Pop culture obsessives writing for the pop culture obsessed.
Pop culture obsessives writing for the pop culture obsessed.
Illustration for article titled Editors of 1930s pulp iSpicy Detective /ihave some thoughts on keeping it classy

Pulp magazines of the early 20th century weren’t always full of lurid tales of sex, violence, and misogyny, but they earned that reputation on the backs of magazines like Culture Publications’ Spicy Detective Stories (and its companion, Spicy Adventure, for people who like less detecting in their spice). But while Spicy Detective might have been the ’30s equivalent of late-night Cinemax, thanks to these six guidelines, its editors ensured their stories were never vulgar. Courtesy of 1987’s The Book of Literary Lists:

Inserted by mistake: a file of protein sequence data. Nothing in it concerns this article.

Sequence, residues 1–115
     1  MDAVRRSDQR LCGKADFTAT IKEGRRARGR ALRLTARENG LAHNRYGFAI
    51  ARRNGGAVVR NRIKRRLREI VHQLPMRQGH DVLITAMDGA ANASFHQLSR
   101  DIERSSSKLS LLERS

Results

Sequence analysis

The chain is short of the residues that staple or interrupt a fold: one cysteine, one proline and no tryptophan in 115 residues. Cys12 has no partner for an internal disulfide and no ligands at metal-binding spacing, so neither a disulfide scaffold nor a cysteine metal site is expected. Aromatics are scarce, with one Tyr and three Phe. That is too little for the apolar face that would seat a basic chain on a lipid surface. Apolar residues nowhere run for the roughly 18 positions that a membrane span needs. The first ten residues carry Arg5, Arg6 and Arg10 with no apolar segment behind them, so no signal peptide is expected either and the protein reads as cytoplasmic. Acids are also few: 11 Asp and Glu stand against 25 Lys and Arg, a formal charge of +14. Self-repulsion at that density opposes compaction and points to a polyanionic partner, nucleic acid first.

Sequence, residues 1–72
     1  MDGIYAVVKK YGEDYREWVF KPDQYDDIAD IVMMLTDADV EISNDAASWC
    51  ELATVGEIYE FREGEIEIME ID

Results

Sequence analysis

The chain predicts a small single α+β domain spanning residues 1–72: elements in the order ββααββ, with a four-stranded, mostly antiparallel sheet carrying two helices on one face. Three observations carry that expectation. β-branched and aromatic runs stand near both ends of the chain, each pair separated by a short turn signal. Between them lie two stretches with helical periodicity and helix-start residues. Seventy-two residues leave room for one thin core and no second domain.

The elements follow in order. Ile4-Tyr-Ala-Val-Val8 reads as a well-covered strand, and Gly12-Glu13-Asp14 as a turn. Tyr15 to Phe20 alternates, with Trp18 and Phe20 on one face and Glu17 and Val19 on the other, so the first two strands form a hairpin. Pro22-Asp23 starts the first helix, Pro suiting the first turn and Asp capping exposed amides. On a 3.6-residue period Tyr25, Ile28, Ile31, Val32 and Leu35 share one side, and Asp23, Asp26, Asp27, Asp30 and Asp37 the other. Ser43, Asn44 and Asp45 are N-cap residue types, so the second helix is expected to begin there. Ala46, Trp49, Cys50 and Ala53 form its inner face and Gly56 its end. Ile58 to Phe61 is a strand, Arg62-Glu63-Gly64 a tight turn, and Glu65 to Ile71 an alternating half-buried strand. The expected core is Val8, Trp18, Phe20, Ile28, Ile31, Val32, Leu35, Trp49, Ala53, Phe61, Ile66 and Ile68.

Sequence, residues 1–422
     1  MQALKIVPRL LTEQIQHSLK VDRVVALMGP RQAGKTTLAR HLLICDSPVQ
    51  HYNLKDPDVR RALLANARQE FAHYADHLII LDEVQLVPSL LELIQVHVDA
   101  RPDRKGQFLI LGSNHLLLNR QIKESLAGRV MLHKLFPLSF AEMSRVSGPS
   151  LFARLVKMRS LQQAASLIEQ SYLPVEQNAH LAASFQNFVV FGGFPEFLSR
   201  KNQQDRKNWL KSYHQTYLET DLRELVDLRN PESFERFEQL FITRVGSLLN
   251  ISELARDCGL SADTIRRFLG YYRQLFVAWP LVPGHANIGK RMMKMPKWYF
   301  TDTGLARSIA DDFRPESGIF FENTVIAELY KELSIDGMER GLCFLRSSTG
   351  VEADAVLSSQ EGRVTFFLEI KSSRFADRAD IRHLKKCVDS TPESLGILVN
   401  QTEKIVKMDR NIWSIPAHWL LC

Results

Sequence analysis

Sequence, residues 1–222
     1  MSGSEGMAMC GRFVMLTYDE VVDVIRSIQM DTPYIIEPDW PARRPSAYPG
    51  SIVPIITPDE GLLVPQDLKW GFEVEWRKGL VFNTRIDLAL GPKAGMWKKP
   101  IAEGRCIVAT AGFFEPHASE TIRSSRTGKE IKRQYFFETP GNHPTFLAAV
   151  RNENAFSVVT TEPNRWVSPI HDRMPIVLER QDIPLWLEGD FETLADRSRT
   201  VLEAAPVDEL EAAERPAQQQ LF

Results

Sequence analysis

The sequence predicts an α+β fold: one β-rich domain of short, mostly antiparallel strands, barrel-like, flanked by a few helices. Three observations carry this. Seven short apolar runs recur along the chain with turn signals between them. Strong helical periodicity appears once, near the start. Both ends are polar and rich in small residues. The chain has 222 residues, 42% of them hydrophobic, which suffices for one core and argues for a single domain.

1. In describing breasts of a female character, avoid anatomical descriptions.
  2. If it is necessary for the story to have the girl give herself to a man, or be taken by him, do not go too carefully into details.
  3. Whenever possible, avoid complete nudity of the female characters. You can have a girl strip to her underwear or transparent negligee or nightgown, or the thin torn shred of her garments, but while the girl is alive and in contact with a man, we do not want complete nudity.
  4. A nude female corpse is allowable, of course.
  5. Also a girl undressing in the privacy of her own room, but when men are in the action try to keep at least a shred of something on the girls.
  6. Do not have men in underwear in scenes with women, and no nude men at all.

“The idea is to have a very strong sex element in these stories without anything that might be interpreted as being vulgar or obscene,” the editors write.


See? Nothing vulgar at all. Just quotidian scenes of dead, naked women, and elaborate metaphors for breasts. Presumably those guidelines did not apply to the covers, however.

[via Metafilter]


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